How can I find out whether my internet connection is being manipulated or intercepted?

Tina October 27, 2010
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I have a roommate and we share an internet connection. He is connected via LAN cable to an ethernet hub. I connect through WiFi. The WiFi router is connected via cable to the same hub. The WiFi connection is WEP encrypted, my roommate wants it this way.

Sometimes, I cannot go online even though I am connected to the WiFi network. The cables are connected properly, restarting the WiFi router or computer does not help.

This usually happens when my roommate is at home and skyping with friends. When I complain, which I cannot do until he is done skyping, it miraculously works again.

Can he intentionally block my internet connection?

Also, how can I find out whether he is “listening” to my network traffic. Specifically, I want to find out how I can block him from reading my eMails or seeing what websites I browse. Being my roommate he knows the WiFi password and has physical access to my computer.

He has mentioned using on his friends, which reinforced my previous suspicion that he somehow intercepts my internet connection.

I run Windows XP on a laptop. I have the login data for the WiFi router and could change the settings.

Yes, I will be moving out, but I cannot move out until December 1st, so I need a solution for the meantime. Thank you very much in advance!

  1. Monegar
    November 4, 2010 at 12:34 am

    Change the password to the router, and make a new secure user's profile for your use only.

  2. WhyDontWeRed
    October 30, 2010 at 5:05 am

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  3. Gbswales
    October 28, 2010 at 10:51 pm

    the skype connection getting priority is probably the most likely explanation - most people dont snoop so is there any reason why you think he might be - if he wanted to monitor your traffic then blocking it would not be the most sensible way to do it. Its more likely that he wants keep high quality calls/videos from breaking up on skype.

    If you really do suspect he might be monitoring your connection then they only safe thing to do is simply not use his network

  4. Josh Fox
    October 28, 2010 at 6:24 am

    If he is using spybuddy or any keylogger, I would try using an OS that the keylogger doesn't support. Ubuntu would probably be the best start since you can install it inside Windows with Wubi.

    If you have access to the router's administration, you can find out what services are being ran or if there's anything setup in the port forwarding or something that specifies your computer's name or IP. You might also want to see if outbound traffic is set to go through a proxy. The router might also maintain logs of the traffic as well.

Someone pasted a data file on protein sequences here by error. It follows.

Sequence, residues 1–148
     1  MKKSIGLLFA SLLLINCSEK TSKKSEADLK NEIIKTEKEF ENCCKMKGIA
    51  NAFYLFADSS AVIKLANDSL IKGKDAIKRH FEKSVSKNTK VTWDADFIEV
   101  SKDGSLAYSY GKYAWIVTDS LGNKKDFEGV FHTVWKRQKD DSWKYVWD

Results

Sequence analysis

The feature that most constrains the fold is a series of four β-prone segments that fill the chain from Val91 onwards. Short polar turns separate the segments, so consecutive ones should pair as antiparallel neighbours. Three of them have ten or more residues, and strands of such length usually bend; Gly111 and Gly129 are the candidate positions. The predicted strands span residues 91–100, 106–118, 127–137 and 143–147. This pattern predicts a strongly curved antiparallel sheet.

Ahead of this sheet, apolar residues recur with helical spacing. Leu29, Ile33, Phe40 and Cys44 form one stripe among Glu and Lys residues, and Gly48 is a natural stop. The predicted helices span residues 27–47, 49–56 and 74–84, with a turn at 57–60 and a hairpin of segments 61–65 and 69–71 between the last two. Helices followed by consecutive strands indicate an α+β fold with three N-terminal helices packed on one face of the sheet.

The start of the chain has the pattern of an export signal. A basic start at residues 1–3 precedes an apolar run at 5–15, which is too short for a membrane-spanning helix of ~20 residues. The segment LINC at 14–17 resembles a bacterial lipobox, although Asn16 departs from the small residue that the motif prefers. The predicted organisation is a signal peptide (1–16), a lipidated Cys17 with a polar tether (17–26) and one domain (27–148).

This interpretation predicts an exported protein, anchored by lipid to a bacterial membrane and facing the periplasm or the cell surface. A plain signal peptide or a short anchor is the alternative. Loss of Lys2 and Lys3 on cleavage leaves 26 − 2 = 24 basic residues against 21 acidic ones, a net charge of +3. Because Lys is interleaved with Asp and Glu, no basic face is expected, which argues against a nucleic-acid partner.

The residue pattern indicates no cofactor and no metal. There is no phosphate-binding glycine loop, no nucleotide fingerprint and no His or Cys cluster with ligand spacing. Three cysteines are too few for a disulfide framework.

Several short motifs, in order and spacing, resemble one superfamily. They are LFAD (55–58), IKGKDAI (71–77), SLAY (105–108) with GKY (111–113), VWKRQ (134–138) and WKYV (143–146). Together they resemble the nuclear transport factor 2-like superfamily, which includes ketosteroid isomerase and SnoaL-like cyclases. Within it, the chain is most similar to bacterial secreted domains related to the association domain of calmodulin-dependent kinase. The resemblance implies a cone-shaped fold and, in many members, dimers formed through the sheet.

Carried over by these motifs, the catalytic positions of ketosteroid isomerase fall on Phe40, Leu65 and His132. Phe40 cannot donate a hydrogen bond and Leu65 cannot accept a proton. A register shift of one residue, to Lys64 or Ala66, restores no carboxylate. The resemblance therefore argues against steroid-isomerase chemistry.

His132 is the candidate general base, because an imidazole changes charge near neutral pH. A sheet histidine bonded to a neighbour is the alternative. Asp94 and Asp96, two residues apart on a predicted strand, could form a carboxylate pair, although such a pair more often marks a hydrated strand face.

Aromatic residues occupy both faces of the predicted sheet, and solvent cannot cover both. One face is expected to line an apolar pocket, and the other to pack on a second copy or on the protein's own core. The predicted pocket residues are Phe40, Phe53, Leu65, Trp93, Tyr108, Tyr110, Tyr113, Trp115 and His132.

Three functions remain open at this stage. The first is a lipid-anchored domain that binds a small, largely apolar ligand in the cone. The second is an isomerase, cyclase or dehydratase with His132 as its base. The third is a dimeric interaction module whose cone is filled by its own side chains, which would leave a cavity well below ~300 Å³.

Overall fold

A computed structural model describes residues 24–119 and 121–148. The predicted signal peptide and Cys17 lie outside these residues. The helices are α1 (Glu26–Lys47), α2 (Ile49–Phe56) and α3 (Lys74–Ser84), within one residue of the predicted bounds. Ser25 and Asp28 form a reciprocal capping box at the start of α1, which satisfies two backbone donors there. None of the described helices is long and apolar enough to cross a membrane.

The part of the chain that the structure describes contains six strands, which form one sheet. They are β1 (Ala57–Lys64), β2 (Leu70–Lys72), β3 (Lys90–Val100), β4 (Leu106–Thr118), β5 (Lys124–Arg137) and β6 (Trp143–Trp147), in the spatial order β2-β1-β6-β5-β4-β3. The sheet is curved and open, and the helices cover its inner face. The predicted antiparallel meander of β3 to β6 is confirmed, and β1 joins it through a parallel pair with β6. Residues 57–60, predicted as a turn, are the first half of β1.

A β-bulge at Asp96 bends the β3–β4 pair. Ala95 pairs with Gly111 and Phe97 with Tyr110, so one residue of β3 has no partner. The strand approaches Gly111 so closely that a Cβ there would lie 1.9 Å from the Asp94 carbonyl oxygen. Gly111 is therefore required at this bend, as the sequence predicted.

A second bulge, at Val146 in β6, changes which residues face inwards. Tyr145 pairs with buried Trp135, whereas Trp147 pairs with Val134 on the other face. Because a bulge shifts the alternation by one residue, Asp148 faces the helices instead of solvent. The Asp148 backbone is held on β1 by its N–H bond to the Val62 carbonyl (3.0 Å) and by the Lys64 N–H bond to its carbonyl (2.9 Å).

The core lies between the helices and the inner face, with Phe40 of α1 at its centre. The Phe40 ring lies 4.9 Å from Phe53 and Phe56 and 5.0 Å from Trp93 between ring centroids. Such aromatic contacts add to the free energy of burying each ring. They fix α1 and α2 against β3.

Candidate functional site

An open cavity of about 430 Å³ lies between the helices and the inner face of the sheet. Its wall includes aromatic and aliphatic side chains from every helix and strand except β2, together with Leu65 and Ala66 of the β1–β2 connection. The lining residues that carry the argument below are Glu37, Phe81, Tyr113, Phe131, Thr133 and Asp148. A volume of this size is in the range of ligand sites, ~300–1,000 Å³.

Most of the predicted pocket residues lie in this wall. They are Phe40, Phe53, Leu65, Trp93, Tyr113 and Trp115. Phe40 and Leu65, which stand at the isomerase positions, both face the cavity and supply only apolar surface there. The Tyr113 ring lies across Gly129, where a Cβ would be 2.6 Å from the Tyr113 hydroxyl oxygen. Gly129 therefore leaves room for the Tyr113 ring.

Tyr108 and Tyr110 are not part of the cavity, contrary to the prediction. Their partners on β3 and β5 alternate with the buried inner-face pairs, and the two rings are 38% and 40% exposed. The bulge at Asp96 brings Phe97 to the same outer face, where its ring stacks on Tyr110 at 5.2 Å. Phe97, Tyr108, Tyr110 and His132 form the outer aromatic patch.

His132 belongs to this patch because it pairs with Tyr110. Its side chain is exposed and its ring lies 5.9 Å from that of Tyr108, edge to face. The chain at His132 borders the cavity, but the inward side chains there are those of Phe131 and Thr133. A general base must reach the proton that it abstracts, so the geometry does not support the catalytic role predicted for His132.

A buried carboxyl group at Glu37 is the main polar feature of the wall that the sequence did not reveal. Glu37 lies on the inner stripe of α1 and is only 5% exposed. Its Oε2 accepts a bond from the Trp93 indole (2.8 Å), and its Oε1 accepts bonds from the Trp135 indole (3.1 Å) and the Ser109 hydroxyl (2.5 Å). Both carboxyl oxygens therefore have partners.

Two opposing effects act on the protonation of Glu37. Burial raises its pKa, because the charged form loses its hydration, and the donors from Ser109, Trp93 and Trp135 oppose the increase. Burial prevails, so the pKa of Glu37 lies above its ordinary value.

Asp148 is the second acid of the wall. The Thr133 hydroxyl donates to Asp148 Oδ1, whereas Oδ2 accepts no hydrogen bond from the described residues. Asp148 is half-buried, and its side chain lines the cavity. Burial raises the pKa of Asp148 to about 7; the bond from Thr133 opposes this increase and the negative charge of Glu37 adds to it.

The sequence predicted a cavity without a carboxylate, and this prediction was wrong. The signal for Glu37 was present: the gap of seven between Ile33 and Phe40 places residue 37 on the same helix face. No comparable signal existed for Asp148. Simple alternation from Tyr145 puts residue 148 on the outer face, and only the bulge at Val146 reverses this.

The only other thing I can think of off the top of my head would be if he is running network anylizing software on his own computer to scan the traffic of the network. This method wouldn't make it so emails or passwords are readable though.

    There are a LOT of ways to spy on local network computers, so I know there are a lot of things I missed, but I think I touched the major areas.

  5. Mark O'Neill
    October 27, 2010 at 8:48 pm

    This guy sounds like a real sleazeball. You said you are moving out in December but for the next month, I would look into buying a UMTS stick which is basically pre-paid internet. I have one for when we are travelling and it works great.

    • Tina
      October 27, 2010 at 11:27 pm

      Too expensive. My current workaround is to spend little time at home and use internet at cafés or the library.

  6. GeekLad
    October 27, 2010 at 8:45 pm

    If he has access to the router, he can do everything you're suspicious he is doing. He can block your access and he can access the data you're transmitting/receiving via packet sniffer.It's possible that he has some sort of QoS on the router enabled that gives his Skype connection a higher priority, which is why your connection goes to crap when he's Skyping.

    If you want to prevent him from snooping on your connection, you may want to try Tor. However, be aware that although Tor will provide security and anonymity while you surf, it is rather slow. Firefox has a good Tor plugin you can use to turn it on and off at will.

    • Tina
      October 27, 2010 at 11:27 pm

      Thanks Jorge, you are awesome!

      I have access to the router, too. Anything I can do to find out what he is doing? Would love to prove it. I can also go online direct via the hub using a LAN cable, would that help? A hub doesn't allow installation of software, does it?

      • Josh Fox
        October 28, 2010 at 6:29 am

        A hub is most generally just a passthrough device, kind of the same idea as splicing network cables together, so no, nothing could be installed on it unless it's actually a router (subnet), or a switch. Regular switches are uncommon in residential settings except for those built into routers.

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